Posts Tagged ‘Entrepreneur’

Tuesday 27.8.2013
Entrepreneurship, Innovation, and Dialogic Communication

Host: Hannu Ikonen

workshop Outcomes

To acquire the knowledge, skills and tools to

  • Develop an entrepreneurial and innovative mindset for communicating across differences in global, international, and intercultural environments; and
  • Enhance self-awareness and develop dialogic communication skills as a member of the global business ecosystem.

Agenda

8:30–8:50             Welcome and Introduction Activity

8:50–10:00          Global Entrepreneurship; Communication and Innovation Skills for Career Success

  • The Communication Perspective
  • Dialogic communication: Key concepts
  • Dialogue self-assessment

10:00–10:15        BREAK

10:15–11:30        How to Become an Entrepreneur in Your Organization: Extending the Communication and Innovation Mindset

  • Dialogic communication skills and tools
  • Small group activity: Applying dialogue and entrepreneurial skills to your professional life
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Source: http://www.onlinebusinessdegree.org/2012/05/07/the-9-best-business-lessons-from-the-godfather/

Just what kind of business are you in that you want to model your professional actions after the greatest cinematic mob story of all time? Well, no matter. The Godfather is chock full of great advice, and there’s lots to learn from the themes of this classic film. Check out the nine best business lessons that we’ve learned from The Godfather, or you might be (metaphorically) sleeping with the fishes sooner than you thought.

  1. Make Them An Offer They Can’t Refuse

    Obviously. One of the best ways to get what you want in business is to tailor your product to your customer’s needs. And this works for managers, too. If you want to incentivize your employees, there’s often a way that you can make your request primarily beneficial to them and the company both. Barring using horse-headed death threats as a strategy, make sure that when you want a certain result, you make the incentive good enough to warrant it.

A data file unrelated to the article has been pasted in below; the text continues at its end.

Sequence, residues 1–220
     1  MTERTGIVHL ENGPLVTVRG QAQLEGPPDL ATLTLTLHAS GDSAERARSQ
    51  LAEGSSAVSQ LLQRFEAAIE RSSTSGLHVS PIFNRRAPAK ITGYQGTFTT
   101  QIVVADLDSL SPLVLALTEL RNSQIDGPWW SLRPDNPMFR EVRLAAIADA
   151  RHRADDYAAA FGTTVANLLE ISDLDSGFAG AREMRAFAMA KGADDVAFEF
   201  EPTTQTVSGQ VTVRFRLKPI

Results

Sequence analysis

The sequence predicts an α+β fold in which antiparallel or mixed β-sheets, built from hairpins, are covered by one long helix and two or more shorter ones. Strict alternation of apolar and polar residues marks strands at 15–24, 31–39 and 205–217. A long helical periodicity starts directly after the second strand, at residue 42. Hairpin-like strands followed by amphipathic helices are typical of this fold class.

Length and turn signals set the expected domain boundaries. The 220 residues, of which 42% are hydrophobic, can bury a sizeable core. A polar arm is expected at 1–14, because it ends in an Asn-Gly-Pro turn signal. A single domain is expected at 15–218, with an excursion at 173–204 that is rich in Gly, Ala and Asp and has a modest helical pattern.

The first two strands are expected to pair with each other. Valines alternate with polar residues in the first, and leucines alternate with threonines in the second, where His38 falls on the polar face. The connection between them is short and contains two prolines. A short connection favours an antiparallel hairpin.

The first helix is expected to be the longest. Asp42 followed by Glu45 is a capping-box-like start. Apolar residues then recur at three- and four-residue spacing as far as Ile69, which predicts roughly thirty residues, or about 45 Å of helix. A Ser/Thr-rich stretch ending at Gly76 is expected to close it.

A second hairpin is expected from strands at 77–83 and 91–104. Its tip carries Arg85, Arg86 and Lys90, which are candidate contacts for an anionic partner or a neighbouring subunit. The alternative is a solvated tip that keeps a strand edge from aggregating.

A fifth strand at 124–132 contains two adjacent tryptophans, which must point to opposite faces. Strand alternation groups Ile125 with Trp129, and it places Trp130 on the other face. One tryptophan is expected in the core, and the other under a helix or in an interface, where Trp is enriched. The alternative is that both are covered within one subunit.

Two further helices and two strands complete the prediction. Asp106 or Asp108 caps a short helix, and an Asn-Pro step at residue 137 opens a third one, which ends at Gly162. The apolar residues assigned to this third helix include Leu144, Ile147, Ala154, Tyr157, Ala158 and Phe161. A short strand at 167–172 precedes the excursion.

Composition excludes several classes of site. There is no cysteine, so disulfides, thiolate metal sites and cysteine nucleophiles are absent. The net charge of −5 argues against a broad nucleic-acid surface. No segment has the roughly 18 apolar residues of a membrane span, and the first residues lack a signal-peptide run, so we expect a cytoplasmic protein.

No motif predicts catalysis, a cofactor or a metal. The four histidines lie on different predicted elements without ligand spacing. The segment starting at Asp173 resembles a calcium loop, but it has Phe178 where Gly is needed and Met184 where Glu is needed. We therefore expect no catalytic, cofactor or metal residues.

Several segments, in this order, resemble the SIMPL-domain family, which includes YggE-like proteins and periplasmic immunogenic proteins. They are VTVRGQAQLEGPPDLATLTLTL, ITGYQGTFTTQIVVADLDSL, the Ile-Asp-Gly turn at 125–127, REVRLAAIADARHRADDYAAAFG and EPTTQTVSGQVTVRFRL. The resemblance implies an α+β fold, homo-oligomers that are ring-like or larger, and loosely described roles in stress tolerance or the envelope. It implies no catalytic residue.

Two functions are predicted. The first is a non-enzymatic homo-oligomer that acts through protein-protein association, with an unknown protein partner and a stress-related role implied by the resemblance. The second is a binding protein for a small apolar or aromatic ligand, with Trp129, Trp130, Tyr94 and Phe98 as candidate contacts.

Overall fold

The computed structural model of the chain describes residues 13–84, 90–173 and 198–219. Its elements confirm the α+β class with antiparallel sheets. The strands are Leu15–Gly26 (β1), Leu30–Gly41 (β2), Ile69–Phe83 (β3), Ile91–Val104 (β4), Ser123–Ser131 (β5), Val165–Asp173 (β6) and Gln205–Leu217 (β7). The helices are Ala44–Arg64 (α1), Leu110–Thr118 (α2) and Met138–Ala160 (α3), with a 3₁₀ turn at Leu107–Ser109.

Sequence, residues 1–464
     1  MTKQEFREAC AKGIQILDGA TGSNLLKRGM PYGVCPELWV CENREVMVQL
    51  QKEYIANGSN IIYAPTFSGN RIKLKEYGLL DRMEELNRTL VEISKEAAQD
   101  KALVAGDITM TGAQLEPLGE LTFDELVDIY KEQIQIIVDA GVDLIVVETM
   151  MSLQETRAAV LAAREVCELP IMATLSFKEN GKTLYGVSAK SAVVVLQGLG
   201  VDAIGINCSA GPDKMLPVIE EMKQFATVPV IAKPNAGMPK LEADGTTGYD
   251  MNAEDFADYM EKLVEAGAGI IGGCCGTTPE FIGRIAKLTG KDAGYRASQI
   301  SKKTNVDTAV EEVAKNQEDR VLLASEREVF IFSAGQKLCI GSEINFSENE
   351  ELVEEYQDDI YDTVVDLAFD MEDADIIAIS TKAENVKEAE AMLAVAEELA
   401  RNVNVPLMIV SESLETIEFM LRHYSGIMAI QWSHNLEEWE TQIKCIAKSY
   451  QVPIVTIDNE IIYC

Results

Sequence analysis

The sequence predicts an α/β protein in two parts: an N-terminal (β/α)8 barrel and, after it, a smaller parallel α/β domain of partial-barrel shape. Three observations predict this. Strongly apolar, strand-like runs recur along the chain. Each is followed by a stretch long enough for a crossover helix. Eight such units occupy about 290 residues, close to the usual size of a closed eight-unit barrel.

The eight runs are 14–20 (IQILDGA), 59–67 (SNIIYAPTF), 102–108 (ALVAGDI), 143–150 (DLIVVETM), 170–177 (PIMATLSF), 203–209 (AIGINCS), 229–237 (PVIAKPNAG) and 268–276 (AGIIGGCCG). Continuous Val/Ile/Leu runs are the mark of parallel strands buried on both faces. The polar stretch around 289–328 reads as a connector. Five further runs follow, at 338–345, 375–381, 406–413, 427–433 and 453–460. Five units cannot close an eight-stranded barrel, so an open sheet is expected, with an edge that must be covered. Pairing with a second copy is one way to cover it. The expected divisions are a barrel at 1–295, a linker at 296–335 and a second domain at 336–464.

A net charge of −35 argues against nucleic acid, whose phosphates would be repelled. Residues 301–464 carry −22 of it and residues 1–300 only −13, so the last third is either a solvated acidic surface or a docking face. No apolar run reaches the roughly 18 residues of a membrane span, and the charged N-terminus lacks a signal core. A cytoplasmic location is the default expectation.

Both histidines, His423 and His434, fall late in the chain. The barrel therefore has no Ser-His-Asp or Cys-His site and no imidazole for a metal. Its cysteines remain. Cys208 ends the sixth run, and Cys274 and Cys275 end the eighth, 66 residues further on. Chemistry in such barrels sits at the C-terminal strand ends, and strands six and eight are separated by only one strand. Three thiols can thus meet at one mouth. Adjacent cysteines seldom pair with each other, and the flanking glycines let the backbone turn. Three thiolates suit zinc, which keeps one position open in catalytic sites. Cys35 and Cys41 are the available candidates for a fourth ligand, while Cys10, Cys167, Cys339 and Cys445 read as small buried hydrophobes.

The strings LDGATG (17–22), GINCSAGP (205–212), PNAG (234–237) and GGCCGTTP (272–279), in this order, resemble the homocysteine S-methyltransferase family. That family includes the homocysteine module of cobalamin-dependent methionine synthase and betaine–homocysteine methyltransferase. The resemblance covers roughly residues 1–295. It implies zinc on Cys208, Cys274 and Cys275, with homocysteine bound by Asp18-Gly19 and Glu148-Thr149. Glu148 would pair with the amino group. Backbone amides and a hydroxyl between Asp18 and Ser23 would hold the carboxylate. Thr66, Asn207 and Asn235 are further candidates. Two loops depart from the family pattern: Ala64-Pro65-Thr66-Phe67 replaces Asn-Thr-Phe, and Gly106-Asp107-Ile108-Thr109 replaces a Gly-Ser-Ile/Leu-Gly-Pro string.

2. Trust No One

    Whether you’re a bona fide wise guy or not, it’s wise to watch who you trust. That’s not to say that you should be suspicious of everyone all the time, it’s that the only person whose decisions and actions that you can safely rely on are your own. Even being in business with people for years doesn’t mean that you can trust them, but you can trust them to be themselves. And whether you’re running the underground or just the office, that’s another key lesson to learn.

  3. Keep Your Friends Close and Your Enemies Closer

    Well, maybe not your enemies. More like your competitors. It’s important to have a good idea the landscape of your market competition, both larger and smaller than you. And when there’s an industry-wide issue that could improve your field, do yourself a favor and be the one to lead the charge to unity. You’ll stand out among your competitors while also improving things for all involved when you’re the one to get a group to band together faster than you can say “five families.”

  4. Patience is a Virtue

    Don’t expect for things to blow up for you overnight — it takes time to build a mafia empire strong business. And this advice goes for both rookies and veterans: quality comes from patience, planning, and having a great product.

  5. Always Have A Plan

    When you’re running an international crime syndicate, you’ve simply got to have a plan. It’s not profitable to do things willy-nilly, with no discussion or lack of a business model. It’s probably best to avoid a business plan that involves gunning people down in the street, but appropriate foresight, planning, and action can lead to, ahem, legitimate business success.

  6. Learn from Your Failures

    Failure happens. Even to mafiosos. Let this fact lead you, and give yourself permission to fail. But also let yourself learn from your missteps, as it’s possible to turn any short-term failure into long-time success. If you lose some guys in a gun battle, or lose money from a dirty double cross, you know how crucial it can be to pick yourself up, dust yourself off, regroup, and move forward. Also, what kind of job did you say you had, again?

  7. Loyalty Matters

    One of the most important lessons to take from the Don is that loyalty is key. In this day and age, economic security is a spectre — but it’s paramount to remember never to bite the hand that feeds you. Whether you have a boss or have to deal with distributors, it’s always best to be loyal to your higher-ups and those who depend on you. It’s as simple as this: the better everyone does, the better everyone does.

  8. Respect Must Be Earned

    While loyalty is important, respect must be earned. Make sure that you’re commanding respect, and not just because of your great work product. If you act with dignity and put integrity first on your value list, you’ll see how easy it can be to build up mutual respect with co-workers, superiors, and those in other areas with whom you have to work. Additionally, take caution to respect respect: it’s easy to build up, takes time to cement, and can be gone forever in a flash.